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I have to do a sniffer as an assignment for the security course. I am using C and the pcap library. I got everything working well (since I got a code from the internet and changed it). But I have some questions about the code.

u_int ip_len = (ih->ver_ihl & 0xf) * 4;   

ih is of type ip_header, and its currently pointing the to IP header in the packet.
ver_ihl gives the version of the IP.
I can't figure out what is: & 0xf) * 4;

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+1 for being honest and thorough :) –  Tim Post Mar 16 '10 at 6:58

3 Answers 3

up vote 3 down vote accepted

& is the bitwise and operator, in this case you're anding ver_ihl with 0xf which has the effect of clearing all the bits other than the least signifcant 4

0xff & 0x0f = 0x0f

ver_ihl is defined as first 4 bits = version + second 4 = Internet header length. The and operation removes the version data leaving the length data by itself. The length is recorded as count of 32 bit words so the *4 turns ip_len into the count of bytes in the header

In response to your comment:

bitwise and ands the corresponding bits in the operands. When you and anything with 0 it becomes 0 and anything with 1 stays the same.

0xf = 0x0f = binary 0000 1111

So when you and 0x0f with anything the first 4 bits are set to 0 (as you are anding them against 0) and the last 4 bits remain as in the other operand (as you are anding them against 1). This is a common technique called bit masking.


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i got the idea (ver_ihl contains the Version (4 bits) + Internet header length (4 bits)) but i still didn't get how this operation is removing the version data. when you are anding with 0xf does this mean that your anding only the fist 4 bits? –  scatman Mar 16 '10 at 7:22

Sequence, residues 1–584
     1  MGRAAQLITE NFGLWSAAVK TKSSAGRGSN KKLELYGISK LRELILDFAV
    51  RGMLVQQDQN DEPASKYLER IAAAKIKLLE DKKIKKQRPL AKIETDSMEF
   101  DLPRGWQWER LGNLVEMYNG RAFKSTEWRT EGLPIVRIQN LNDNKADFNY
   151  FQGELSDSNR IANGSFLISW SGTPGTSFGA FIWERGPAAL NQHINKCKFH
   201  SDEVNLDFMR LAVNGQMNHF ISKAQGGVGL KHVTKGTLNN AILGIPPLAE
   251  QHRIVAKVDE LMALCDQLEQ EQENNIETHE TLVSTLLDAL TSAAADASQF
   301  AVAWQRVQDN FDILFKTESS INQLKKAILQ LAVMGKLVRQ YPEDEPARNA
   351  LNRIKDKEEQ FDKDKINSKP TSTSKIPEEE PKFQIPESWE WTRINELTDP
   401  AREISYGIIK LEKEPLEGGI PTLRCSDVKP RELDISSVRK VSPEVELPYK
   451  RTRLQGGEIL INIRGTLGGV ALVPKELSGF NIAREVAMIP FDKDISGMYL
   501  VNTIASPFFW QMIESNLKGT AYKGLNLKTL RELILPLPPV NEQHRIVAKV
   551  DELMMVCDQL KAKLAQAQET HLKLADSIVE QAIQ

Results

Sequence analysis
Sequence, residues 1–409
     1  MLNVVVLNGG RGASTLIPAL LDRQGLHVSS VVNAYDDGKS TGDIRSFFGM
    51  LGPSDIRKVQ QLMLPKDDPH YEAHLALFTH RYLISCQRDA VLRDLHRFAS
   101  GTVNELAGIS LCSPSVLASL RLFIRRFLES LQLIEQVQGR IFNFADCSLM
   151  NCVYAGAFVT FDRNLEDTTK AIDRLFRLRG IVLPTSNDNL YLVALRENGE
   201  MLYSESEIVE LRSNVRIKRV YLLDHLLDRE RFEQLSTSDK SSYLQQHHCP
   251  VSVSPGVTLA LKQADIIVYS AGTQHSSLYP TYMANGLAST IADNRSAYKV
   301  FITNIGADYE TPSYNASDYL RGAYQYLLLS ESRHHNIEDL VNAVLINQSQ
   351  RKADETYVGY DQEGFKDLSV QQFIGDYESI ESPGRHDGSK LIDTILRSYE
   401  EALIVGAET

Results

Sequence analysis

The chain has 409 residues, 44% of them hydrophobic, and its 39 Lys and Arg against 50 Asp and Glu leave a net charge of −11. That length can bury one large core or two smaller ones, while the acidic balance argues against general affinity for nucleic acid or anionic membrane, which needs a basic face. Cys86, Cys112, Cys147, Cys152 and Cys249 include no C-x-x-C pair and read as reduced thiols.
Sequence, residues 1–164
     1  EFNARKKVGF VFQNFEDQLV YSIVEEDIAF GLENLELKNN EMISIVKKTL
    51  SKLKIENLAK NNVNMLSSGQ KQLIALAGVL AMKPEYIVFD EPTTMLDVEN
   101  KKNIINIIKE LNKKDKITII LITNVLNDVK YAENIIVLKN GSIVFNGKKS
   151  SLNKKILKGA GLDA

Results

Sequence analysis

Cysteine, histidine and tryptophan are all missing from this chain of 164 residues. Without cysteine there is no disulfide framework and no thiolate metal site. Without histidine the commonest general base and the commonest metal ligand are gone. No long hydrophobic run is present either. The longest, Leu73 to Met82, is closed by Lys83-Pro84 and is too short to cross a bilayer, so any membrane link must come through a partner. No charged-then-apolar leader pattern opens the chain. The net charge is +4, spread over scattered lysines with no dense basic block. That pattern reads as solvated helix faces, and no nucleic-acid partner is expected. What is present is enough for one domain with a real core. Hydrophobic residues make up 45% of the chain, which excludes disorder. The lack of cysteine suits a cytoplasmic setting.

Reading from RFC 791 that defines IPv4:

A summary of the contents of the internet header follows:

 0                   1                   2                   3   
 0 1 2 3 4 5 6 7 8 9 0 1 2 3 4 5 6 7 8 9 0 1 2 3 4 5 6 7 8 9 0 1 
|Version|  IHL  |Type of Service|          Total Length         |

The first 8 bits of the IP header are a combination of the version, and the IHL field.

IHL: 4 bits

Internet Header Length is the length of the internet header in 32 bit words, and thus points to the beginning of the data. Note that the minimum value for a correct header is 5.

What the code you have is doing, is taking the first 8 bits there, and chopping out the IHL portion, then converting it to the number of bytes. The bitwise AND by 0xF will isolate the IHL field, and the multiply by 4 is there because there are 4 bytes in a 32-bit word.

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The ver_ihl field contains two 4-bit integers, packed as the low and high nybble. The length is specified as a number of 32-bit words. So, if you have a Version 4 IP frame, with 20 bytes of header, you'd have a ver_ihl field value of 69. Then you'd have this:

& 00001111

So, yes, the "&0xf" masks out the low 4 bits.

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